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Increasing access to public data is being replicated at the local level as well: NYTimes: Local Governments Offer Data to Miners

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Pending since some time ago: Barack Obama Loves Startups: New Federal Office for Early-Stage Entrepreneurs

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On the topics of this blog

If this is the first time you visit this blog, you first need to know that it has been very difficult to keep the site updated. I started the blog in 2004, when I was still living in Santa Fe, Argentina. The blog was very active during its first two years of life, but then, in 2006, I moved to Atlanta, GA to start my Ph.D.... I has spent a lot of time in front of the computer since then, but no time for blogging though.
You will see that "Blog on entrepreneurship, technological innovation and venture capital" (at the top of the page) still reflects the main contents of this blog in its early days. I am still interested in those topics (indeed, my research is related to those topics) but the blog now has a much broader coverage (and it is bilingual, partly to keep an archive of all the Spanish content already created).
Hopefully, I will continue writing on those topics, so come back regularly if you share the same interests. In particular, I may share some thoughts on the topic of my dissertation, inducement prizes and their effect on technological innovation (which is even more interesting!)

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A short article about the process of creating a new company has been recently published by Nature: Start up and succeed. For those that do not have too much knowledge about the process, it is interesting. It is oriented toward scientists who want to create a company, so it includes a few paragraphs on university spinoffs.

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ScienceWorksForUS has data on stimulus research projects across the US and profiles with money invested and research organizations for each state.

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I did not check it in detail yet: Time Magazine published a list of top-50 inventions of 2009 along with some related stuff too. You may find some interesting things there.

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9th Annual Roundtable for Engineering Entrepreneurship Research (REER), Oct 13-15, at Georgia Tech!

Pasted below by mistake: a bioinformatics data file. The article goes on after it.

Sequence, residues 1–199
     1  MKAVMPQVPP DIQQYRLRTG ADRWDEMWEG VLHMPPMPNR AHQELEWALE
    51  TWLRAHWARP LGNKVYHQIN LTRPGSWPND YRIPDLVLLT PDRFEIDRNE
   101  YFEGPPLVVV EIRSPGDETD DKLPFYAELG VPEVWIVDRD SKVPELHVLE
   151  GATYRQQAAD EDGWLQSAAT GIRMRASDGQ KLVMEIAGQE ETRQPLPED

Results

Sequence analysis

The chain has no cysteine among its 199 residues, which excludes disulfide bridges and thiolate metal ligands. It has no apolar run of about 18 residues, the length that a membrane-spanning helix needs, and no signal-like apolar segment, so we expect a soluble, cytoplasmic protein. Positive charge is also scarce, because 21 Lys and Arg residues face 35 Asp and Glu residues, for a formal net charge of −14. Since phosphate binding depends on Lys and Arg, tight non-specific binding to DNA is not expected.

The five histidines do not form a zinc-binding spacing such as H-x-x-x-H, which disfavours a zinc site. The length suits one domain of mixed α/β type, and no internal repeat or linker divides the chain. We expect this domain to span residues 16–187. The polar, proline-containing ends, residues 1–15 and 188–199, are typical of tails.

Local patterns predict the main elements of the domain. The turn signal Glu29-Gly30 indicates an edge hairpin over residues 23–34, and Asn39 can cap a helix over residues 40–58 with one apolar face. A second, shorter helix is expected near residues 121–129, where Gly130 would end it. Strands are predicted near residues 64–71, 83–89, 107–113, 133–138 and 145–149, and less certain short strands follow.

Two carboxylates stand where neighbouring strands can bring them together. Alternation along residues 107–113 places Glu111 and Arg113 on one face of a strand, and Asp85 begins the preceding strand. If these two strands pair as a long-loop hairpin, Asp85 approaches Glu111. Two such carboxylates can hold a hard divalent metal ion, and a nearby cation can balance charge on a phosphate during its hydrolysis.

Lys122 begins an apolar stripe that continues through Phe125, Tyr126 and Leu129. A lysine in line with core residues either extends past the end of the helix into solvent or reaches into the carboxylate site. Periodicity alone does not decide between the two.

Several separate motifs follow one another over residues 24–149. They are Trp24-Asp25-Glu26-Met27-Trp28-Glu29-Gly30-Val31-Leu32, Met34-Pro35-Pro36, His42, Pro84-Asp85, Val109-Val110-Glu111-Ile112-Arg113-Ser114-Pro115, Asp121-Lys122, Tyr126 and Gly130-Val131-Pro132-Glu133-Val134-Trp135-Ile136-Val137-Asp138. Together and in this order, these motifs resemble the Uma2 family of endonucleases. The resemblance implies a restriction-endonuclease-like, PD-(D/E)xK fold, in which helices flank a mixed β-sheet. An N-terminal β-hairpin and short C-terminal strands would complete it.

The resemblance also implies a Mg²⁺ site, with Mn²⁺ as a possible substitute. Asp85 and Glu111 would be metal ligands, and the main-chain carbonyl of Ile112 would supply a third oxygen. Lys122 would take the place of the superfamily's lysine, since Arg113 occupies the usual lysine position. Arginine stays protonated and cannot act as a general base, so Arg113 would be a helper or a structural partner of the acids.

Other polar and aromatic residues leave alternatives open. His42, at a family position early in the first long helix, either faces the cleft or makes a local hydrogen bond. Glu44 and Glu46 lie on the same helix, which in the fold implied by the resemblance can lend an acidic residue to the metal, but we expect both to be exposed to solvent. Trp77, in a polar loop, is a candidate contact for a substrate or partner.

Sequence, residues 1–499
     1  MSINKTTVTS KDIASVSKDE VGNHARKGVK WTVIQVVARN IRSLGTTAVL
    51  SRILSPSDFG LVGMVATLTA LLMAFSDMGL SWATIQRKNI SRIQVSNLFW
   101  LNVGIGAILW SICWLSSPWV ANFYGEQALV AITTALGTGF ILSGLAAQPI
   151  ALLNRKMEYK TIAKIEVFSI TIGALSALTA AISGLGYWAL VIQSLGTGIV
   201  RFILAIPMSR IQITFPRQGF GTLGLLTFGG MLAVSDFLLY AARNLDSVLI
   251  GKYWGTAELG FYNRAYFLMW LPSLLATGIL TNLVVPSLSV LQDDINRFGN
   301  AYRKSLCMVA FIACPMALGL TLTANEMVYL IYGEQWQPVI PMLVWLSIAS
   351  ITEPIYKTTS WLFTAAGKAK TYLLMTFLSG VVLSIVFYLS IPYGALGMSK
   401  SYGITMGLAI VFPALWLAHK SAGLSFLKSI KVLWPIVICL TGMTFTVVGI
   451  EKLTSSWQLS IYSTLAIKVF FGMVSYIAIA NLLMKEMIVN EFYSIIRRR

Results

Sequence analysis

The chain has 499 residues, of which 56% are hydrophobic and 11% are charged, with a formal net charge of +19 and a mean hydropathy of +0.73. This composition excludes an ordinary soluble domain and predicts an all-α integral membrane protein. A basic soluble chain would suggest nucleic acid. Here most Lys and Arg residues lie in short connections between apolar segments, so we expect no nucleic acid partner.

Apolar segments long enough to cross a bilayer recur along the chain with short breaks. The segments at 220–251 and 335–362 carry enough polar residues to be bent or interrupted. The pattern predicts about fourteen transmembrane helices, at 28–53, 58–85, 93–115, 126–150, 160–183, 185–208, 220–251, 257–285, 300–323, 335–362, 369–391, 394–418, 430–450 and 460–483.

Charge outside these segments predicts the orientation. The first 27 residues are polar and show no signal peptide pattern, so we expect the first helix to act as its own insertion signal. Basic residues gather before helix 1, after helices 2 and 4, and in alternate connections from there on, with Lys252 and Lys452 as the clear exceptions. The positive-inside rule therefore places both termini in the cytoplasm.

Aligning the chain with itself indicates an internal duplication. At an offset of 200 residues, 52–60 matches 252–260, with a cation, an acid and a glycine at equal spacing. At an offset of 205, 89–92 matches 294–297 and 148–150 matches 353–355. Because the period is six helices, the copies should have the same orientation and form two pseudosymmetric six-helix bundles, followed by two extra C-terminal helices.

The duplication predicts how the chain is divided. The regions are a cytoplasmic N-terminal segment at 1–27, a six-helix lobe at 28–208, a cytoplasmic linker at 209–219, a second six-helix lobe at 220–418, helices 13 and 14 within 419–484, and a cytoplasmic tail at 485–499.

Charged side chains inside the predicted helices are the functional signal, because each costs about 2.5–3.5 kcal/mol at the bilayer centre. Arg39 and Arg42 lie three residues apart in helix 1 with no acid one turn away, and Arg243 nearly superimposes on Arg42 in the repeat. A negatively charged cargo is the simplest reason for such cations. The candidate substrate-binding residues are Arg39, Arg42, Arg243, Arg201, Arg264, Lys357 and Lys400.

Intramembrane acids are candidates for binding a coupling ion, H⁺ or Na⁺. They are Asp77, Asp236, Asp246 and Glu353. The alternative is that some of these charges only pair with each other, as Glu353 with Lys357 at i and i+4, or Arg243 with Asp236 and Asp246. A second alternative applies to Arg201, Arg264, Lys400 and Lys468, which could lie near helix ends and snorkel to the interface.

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Prizes and the US innovation policy

Interestingly, prizes are suggested as “high-risk, high-reward policy tools to solve tough problems” in the white paper A Strategy For American Innovation: Driving Towards Sustainable Growth And Quality Jobs (which describes the new President Obama's innovation agenda). However, prizes are not widely used yet. Targeted federally-funded prizes have offered total rewards worth only about $50 million since 2004, first year of prize implementation for US agencies (see Federally Funded Innovation Inducement Prizes). That figure may increase notably in the future if, besides those targeted prizes, prizes with purchase commitment are used.

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Some media coverage of the recently announced MIT Clean Energy Prize 2010 (MIT offers cash for top clean energy idea - Boston Herald) and related (Using Prizes to Drive Energy Innovation - NYTimes)

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More prize money, more innovation?

Prizes for innovation are not new, but are increasingly attracting everyone’s attention since a few years ago. It is difficult to know how many innovation prizes have been offered, for example, in the last five years.

The idea that prizes can induce innovation has been more supported by recent practices than theory. Although academic research has contributed knowledge to this area, most of the attention has been paid by the broader economics literature on mechanisms to encourage innovation, where prizes are analytically compared with patents and other incentive schemes. We know little about how prizes work in practice.

That is the main reason why I decided to focus my doctoral dissertation on innovation inducement prizes. In particular, my research looks at how teams respond to prize incentives, perform R&D activities, and come up with innovations. Hopefully, in the near future, I will be able to provide some insights on how (and to what extent) prizes induce innovation. In the meantime, I will try to post more comments on this and keep my blog updated!

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"We live on a planet that is now generating more than 43,000 gigabytes of data per day"
-Wired Aug. 2009

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Policy Dialogue on Entrepreneurship: More Recommendations Supporting VC-Backed Firm Access to SBIR-STTR (blog post)

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ScienceDaily: "A new study describes a method through which a selected set of memories can be rapidly and specifically erased from the mouse brain in a controlled and inducible manner."

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"The Power of Place: A National Strategy for Building America’s Communities of Innovation" (PDF), by the Association of University Research Parks (AURP).

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The Guardian: 'Intelligent' computers put to the test

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NYTimes blogs: "what we humans really need is a group of friendly, intelligent aliens to study us, and give us a report on what they find."